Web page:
A Pair of Model Oil Pulls

Double cylinder OilPull model

Figure 1 : For his double cylinder OilPull model, Jim Patton used lightweight aluminum pistons and fabricated entirely new connecting rods from steel tubing. This eliminated many of the problems in balancing the engine. The finished tractor shows very lit

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R.R. 1, Box 28-A Atkins, IA 52206

Nearly ten years ago, Jim Patton of Hiawatha, Iowa started collecting pieces to build a model of the Rumely OilPull tractor. The plan was to build a single cylinder tractor which strongly resembled the original OilPull design. However, in order to make the model suitable for parades and other events, rubber tires were used instead of steel wheels, and the drive train saw extensive modification from the original design. In other words, Jim was concocting a design that looked like yesterday's technology, but embodied a lot of modern engineering design as well.

The first of Jim's OilPull models went into actual construction during 1979, and was completed in 1980. Weighing about 800 pounds, it is small enough to fit into a pickup or onto a small trailer. This makes it an ideal model to take to a show or to a parade.

Shortly after completing the single cylinder OilPull, Jim began collecting pieces for a double cylinder model. This one required far more pieces, and far more work to complete, but construction began in 1984, with final completion in 1986. The two-cylinder model operates at 375 rpm, and has a top ground travel of 4? mph. It weighs about 1,200 pounds.

Both OilPull models use Fairbanks-Morse 3 hp 'ZC' engines. Only a single engine was required for the smaller model, with a pair of them being used in the latest design. The double cylinder model fires 360 degrees apart, just like the original OilPull. The cranks were cut to size and welded together using Eutectic 680 rod. This particular alloy is very expensive, but has the qualities needed for a weld that will be under high stress. The single cylinder model is water cooled, but the double uses an oil coolant, just like the original. Both models employ the Rumely cooling system of induced draft created by the engine exhaust. Rather than use the radiator sections of Rumely, the Patton models have a series of vertical flues within the cooling tank.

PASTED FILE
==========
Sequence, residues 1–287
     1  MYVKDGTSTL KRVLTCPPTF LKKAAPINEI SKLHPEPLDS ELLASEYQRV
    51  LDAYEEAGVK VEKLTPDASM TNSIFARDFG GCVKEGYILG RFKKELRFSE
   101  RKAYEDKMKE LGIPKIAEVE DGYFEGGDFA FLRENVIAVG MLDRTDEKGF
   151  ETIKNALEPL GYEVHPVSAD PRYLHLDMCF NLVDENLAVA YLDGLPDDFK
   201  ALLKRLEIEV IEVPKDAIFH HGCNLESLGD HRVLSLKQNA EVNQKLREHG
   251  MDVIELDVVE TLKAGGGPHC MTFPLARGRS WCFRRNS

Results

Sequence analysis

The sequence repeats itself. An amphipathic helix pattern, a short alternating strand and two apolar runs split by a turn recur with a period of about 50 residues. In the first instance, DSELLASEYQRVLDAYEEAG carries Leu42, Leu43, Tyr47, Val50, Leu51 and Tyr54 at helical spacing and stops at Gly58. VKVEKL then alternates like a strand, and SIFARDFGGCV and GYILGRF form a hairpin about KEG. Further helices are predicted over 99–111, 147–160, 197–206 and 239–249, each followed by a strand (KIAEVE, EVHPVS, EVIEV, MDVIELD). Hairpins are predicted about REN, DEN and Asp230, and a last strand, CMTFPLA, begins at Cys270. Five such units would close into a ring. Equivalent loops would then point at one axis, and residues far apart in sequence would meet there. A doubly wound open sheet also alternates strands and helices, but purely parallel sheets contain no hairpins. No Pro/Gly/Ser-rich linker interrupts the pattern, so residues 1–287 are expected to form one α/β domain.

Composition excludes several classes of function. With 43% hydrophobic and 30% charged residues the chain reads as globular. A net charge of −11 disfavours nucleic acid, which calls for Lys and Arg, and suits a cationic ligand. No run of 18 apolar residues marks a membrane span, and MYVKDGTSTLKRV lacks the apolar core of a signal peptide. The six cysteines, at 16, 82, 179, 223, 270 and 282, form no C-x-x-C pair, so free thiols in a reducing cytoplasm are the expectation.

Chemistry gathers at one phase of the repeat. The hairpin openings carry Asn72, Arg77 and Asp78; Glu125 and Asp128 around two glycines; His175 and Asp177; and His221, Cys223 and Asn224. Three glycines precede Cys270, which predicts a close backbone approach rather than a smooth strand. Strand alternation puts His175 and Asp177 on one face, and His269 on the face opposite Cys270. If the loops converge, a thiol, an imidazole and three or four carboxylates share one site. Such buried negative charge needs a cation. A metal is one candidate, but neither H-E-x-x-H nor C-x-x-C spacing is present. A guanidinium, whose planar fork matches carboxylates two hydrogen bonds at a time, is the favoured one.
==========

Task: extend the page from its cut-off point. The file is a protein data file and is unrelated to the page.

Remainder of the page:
Clutches for both models were adapted from ordinary lineshaft clutch pulleys. Jim reworked these to include the drive shoes in a manner virtually identical to the Rumely design. The drive train for both models is built from the transaxles of Wheel Horse lawn tractors, although there were probably others which could be modified for this purpose. This eliminated the need for extensive external gearing, and permitted the use of the higher ground speeds required for parades. After consider able experimenting, a Schebler carburetor was finally used on the double cylinder model. Likewise, some experimenting was required to properly size the intake manifolds for smooth operation.

The engine in the double cylinder was, as previously noted, built from two Fairbanks-Morse 3 HP, 'ZC' engines. Setting both cranks together for 360 degree firing created balancing problems, so the first step was to minimize the problem by eliminating as much sliding and swinging weight as possible. This was achieved by the use of 35/8 inch aluminum pistons, plus the construction of lightweight tubular connecting rods. These are shown in Figure 1.

Figure 2 illustrates the completed single cylinder model on a parade run, and Figure 3 shows the progress in building the double cylinder engine. This photograph of February, 1985 indicates that the carburetor and ignition system are installed. Subsequently however, a Schebler carburetor was installed, and it pro vided better results.

Figure 4 shows the double cylinder engine after the crankshaft was installed. Even with the lightweight pistons and rods, obtaining a good running balance was achieved by adding suitable counterweights, and adjusting this weight through continued experiments. The finished engine displays no appreciable vibration at any speed from an idle up to its high idle of 375 rpm. Figure 5 illustrates the head end of the double cylinder engine after it was installed in the chassis.

Mr. Patton failed to keep close tab on the hours of work involved, but there is no doubt that the total figure would be astounding. We are sure that Jim has additional projects in mind, but our question in this regard only got a reply of 'No comment.'